Attacks on the Press in 2002 - Albania
|Publisher||Committee to Protect Journalists|
|Publication Date||February 2003|
|Cite as||Committee to Protect Journalists, Attacks on the Press in 2002 - Albania, February 2003, available at: http://www.refworld.org/docid/47c5665124.html [accessed 6 May 2016]|
|Disclaimer||This is not a UNHCR publication. UNHCR is not responsible for, nor does it necessarily endorse, its content. Any views expressed are solely those of the author or publisher and do not necessarily reflect those of UNHCR, the United Nations or its Member States.|
Despite some modest media-related reforms implemented by Parliament in 2002, Albania's contentious political scene and economic underdevelopment continue to make the country a relatively chaotic and difficult place for the independent press. Journalists face government harassment, criminal libel lawsuits, arbitrary dismissal by politicized owners, and limited access to basic government information, particularly when investigating official corruption and organized crime. Furthermore, low professional standards, an editorial emphasis on sensationalism, and the financial influence of political parties over many media outlets mean that journalists have little credibility with the public.
The media and the ruling Socialist Party enjoyed a more cooperative relationship during the first half of 2002, but when Fatos Nano was appointed prime minister in July, he took a tougher stance, instructing ministers to order their staffs to stop speaking with the press.
Blatant intimidation and violent attacks against journalists are less common than they were in the 1990s, when war was blazing in neighboring Kosovo and the Albanian government was reeling from a national scandal over failed pyramid schemes. However, in October, several independent media outlets faced politically motivated financial inspections and government pressure to dismiss journalists for their critical reporting. Financial inspectors investigated the offices of the independent daily Koha Jone and the independent Gjeli Vizion television station shortly after both outlets criticized Prime Minister Nano for alleged abuse of power. Also in October, Arban Hasani, editor-in-chief of the independent television station Arberia, and Enton Abilekaj, news director of the independent TeleNorba Shqiptare television station, were both fired for criticizing the government's response to devastating September floods.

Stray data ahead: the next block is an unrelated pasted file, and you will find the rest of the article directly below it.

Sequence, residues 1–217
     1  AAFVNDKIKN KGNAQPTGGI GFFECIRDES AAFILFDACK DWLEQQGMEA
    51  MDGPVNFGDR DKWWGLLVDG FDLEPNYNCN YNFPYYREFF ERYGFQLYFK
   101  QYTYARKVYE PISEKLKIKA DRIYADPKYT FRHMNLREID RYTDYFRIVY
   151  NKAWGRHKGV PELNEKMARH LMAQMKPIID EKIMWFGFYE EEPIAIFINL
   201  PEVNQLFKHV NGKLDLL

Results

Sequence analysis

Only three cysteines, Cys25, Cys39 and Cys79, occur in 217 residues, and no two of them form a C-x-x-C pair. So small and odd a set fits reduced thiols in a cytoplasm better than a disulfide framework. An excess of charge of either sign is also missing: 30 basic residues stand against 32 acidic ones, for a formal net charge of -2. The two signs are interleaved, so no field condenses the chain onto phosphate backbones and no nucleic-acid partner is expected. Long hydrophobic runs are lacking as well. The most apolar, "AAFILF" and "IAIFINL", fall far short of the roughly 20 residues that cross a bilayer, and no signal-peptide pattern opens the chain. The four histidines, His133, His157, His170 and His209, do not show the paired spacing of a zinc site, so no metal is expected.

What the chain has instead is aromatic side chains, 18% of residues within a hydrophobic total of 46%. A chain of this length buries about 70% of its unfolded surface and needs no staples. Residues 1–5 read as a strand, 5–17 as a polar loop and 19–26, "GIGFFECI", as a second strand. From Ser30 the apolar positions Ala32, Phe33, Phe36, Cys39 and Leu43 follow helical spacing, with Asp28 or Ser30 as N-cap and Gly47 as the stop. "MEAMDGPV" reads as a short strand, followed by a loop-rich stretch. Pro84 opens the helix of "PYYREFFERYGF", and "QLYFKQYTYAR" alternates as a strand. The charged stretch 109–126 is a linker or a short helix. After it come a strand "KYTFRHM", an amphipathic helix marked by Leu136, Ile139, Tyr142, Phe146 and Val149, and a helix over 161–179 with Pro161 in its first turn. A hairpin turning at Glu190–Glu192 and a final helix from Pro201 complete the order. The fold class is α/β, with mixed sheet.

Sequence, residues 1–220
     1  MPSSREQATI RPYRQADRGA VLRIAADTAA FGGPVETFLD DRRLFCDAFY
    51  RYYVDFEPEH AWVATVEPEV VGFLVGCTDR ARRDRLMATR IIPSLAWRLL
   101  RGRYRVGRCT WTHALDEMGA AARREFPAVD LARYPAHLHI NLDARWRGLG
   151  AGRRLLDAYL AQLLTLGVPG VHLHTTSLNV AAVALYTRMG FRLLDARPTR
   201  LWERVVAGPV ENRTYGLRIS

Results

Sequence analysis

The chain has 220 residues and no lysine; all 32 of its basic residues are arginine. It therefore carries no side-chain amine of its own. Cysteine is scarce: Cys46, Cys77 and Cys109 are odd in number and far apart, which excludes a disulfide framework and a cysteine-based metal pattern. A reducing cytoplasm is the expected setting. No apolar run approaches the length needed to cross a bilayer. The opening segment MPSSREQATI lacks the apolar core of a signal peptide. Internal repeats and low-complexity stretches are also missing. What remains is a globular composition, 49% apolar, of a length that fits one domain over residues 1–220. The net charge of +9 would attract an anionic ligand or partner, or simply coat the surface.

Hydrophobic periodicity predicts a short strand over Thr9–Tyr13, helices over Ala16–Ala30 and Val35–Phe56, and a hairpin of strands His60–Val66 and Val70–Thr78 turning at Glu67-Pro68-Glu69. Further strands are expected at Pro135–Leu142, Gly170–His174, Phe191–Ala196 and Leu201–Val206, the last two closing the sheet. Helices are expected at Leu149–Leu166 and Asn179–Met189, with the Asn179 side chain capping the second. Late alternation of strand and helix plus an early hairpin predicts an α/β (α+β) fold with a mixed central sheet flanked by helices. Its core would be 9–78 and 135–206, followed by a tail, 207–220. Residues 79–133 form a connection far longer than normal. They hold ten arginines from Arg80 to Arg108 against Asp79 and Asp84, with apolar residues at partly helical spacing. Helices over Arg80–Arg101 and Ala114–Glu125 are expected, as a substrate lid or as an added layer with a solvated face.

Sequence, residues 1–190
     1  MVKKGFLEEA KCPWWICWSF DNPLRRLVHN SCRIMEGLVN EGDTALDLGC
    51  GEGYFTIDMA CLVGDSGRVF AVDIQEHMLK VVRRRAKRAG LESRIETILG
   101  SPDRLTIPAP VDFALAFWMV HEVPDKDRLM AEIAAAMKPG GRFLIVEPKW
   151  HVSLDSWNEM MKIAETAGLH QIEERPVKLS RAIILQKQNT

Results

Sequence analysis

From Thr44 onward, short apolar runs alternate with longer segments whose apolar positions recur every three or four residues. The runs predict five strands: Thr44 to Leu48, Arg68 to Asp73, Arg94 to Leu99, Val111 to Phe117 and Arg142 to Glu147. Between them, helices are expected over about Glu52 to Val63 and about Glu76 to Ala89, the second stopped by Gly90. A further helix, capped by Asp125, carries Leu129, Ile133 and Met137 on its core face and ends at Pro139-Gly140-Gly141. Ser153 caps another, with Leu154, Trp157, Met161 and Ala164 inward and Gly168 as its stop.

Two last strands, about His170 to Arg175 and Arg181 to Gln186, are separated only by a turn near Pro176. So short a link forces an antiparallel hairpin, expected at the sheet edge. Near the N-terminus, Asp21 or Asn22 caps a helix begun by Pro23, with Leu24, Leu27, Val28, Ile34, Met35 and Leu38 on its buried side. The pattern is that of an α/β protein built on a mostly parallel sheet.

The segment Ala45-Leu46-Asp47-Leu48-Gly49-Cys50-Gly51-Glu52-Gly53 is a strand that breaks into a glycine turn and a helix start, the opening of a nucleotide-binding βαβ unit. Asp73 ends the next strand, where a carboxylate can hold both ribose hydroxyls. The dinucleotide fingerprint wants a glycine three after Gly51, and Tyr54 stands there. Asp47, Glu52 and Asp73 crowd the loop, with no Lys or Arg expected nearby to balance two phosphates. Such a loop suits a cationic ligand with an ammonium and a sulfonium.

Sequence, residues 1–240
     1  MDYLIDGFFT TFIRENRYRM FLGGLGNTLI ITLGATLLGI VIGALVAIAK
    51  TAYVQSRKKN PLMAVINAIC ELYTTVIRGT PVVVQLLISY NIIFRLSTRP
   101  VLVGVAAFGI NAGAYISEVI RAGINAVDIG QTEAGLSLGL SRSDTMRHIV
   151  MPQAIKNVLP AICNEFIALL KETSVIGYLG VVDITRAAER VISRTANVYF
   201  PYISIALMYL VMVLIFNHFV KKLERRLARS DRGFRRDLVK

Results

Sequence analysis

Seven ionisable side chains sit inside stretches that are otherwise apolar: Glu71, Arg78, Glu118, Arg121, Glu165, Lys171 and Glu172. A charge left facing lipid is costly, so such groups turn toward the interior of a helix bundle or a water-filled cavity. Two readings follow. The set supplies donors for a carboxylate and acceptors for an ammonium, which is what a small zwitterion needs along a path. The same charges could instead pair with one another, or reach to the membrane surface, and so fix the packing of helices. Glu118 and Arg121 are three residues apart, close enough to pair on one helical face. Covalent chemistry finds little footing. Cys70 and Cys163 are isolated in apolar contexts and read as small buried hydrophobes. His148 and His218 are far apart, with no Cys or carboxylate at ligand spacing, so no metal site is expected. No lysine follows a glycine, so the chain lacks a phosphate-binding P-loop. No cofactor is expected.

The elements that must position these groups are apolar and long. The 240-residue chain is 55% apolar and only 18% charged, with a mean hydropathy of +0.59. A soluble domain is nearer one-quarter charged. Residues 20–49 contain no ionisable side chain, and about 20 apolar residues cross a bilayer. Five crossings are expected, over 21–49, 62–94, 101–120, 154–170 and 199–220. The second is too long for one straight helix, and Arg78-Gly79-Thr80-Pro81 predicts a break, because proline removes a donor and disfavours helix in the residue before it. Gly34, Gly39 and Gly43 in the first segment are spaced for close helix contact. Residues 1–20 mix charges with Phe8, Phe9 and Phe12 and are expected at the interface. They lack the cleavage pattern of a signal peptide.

The Parliament pressed ahead with reforming the broadcast media. On September 30, legislators appointed Artur Zheji, a political analyst from Arberia television, to head the public broadcaster, Albanian Radio and Television. He will be responsible for addressing significant financial and managerial problems at the outlet. On November 7, Parliament approved amendments to the Law on Public and Private Radio and Television to create a legal framework for issuing licenses and to develop a strategy to improve government oversight of broadcast media.